This month's topics:
was the caption chosen by Nature's Emma Maris for this image, part of its 2008 Gallery of "the year's most eye-catching science" (December 17, 2008).
Imagine a device that could bend light rays around you and make you invisible. This is what Ulf Leondardt (Singapore) and Tomás Tyc (St. Andrews) are proposing in a January 2 2009 Science report, "Broadband Invisibility by Non-Euclidean Cloaking." The physical device that will actually carry out the transformation is not spelled out in detail, but the authors describe how the geometry of a region of space could be changed, keeping the topology intact, to create a pocket of invisibility. To keep things simple I will only describe the 2-dimensional analogue they give to motivate their construction; it proceeds in two steps. First a 2-dimensional spherical surface is spliced into the Euclidean plane: the sphere is sliced open along a proper segment of a meridian line, and the two edges of the cut are identified with the two edges of a same-length cut in the plane. In this illustration the plane is bent to be tangent to the sphere along the splice.
The round sphere and the flat plane are spliced together along a proper segment of a meridian line. The yellow curve represents the path of a light ray in the resulting space: a straight line in the plane crosses the first suture, loops once around a great circle, crosses the second suture and continues in the plane as a straight line. There is such a ray going through any point on the sphere except those on the meridian line and not on the splicing segment (and their antipodal images). Part of the forbidden region is shown in red. Image courtesy of Ulf Leonhardt.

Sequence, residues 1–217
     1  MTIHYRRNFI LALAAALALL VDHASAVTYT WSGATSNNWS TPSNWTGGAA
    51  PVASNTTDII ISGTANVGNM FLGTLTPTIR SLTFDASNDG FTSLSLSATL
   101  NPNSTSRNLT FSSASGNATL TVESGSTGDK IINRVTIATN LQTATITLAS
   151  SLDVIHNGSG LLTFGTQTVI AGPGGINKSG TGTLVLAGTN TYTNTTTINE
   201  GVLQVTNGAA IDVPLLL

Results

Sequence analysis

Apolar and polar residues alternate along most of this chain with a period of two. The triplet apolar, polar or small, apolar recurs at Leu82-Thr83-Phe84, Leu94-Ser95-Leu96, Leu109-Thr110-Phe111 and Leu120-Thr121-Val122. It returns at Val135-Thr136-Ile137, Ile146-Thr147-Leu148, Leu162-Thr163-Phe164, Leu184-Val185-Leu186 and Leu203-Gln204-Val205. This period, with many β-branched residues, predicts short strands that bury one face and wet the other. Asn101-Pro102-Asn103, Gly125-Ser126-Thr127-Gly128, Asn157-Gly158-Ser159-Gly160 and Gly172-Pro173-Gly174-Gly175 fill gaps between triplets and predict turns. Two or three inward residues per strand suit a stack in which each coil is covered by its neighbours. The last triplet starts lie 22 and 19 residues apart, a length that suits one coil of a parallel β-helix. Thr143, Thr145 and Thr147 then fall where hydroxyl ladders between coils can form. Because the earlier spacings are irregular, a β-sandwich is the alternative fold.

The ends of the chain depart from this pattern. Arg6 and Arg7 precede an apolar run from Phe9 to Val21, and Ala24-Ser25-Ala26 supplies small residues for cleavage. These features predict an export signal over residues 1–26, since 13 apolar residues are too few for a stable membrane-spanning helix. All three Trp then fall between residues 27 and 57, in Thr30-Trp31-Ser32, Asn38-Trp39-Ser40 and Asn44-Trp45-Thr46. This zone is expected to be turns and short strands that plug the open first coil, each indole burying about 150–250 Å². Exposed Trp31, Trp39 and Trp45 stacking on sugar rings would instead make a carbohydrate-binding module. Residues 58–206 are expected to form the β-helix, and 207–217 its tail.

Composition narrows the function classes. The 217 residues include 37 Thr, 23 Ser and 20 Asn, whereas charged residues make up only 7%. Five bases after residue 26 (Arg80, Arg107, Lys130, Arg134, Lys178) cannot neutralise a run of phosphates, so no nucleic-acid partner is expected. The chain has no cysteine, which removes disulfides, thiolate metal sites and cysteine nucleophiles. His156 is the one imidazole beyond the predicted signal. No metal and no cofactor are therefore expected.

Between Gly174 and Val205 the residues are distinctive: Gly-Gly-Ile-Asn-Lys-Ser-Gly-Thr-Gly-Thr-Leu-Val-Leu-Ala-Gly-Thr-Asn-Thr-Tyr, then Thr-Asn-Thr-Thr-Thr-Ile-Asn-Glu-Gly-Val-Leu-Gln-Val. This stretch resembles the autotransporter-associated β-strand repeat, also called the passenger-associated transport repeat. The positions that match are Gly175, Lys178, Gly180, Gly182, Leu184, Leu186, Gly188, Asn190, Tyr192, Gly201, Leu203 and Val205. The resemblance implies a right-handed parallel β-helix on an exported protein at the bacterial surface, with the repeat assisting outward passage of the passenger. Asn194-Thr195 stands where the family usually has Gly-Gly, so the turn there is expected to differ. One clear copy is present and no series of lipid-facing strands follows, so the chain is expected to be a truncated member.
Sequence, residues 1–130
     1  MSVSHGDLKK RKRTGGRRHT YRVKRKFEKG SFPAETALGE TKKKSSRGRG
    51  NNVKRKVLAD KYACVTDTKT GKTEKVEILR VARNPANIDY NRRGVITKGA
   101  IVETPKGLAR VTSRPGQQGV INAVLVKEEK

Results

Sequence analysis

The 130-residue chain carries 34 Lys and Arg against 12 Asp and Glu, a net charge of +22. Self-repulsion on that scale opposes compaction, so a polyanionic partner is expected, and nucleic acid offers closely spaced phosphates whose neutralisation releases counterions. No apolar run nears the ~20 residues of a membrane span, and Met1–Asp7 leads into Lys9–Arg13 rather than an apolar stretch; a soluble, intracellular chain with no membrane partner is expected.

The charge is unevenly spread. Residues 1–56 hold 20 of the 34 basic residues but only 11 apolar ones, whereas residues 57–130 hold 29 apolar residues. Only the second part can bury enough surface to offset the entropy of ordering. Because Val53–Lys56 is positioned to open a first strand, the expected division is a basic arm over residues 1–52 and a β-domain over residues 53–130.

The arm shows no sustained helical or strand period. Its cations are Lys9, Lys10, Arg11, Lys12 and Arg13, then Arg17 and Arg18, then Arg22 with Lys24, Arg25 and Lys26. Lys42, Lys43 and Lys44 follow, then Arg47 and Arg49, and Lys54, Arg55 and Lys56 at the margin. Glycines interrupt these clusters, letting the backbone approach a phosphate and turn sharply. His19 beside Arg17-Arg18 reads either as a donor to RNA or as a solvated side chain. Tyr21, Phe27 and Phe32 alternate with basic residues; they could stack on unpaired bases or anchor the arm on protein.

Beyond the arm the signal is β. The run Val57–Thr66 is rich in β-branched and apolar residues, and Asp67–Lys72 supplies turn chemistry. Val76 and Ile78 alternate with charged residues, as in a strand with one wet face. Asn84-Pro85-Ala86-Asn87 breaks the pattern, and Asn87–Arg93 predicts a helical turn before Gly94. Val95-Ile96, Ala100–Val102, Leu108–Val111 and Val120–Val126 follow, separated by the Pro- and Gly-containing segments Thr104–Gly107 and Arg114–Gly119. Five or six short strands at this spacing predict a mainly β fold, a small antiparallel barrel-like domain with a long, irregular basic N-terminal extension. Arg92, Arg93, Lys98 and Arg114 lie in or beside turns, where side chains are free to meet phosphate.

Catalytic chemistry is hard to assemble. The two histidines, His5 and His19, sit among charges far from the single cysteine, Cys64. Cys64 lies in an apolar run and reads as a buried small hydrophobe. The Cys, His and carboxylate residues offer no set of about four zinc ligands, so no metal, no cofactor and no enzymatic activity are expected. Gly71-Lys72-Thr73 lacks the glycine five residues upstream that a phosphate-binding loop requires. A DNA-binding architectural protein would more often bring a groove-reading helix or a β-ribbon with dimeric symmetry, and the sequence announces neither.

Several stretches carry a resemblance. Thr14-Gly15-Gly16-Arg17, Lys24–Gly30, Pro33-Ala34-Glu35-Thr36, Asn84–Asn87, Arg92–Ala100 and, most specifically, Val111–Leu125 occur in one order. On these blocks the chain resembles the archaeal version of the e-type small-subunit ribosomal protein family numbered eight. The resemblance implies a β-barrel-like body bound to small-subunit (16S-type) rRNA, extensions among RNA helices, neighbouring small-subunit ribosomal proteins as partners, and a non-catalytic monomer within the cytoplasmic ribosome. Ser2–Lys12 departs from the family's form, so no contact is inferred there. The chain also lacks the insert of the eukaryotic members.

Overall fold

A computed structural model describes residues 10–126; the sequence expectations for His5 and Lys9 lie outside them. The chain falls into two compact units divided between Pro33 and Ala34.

Second step: another sphere is spliced to the first one along a sub-segment of the forbidden region. Light rays coming from the new sphere cannot reach the plane: points on the new sphere are invisible from the outside.
In this image the sliced-open spheres are flattened out into lens shapes bounded by two copies of their slicing segment (this shows that the constructed surface is topologically a plane). The inner one becomes the blank lens shape; it is bordered by two copies of a red (forbidden) segment. The outer one is bordered by two copies of the black segment where it joins the plane. The blue circle (in the plane) and the yellow light ray appear in both images. Note that the coordinate lines in this image match those above, and are not the standard latitudes-meridians on a round sphere. Image courtesy of Ulf Leonhardt.
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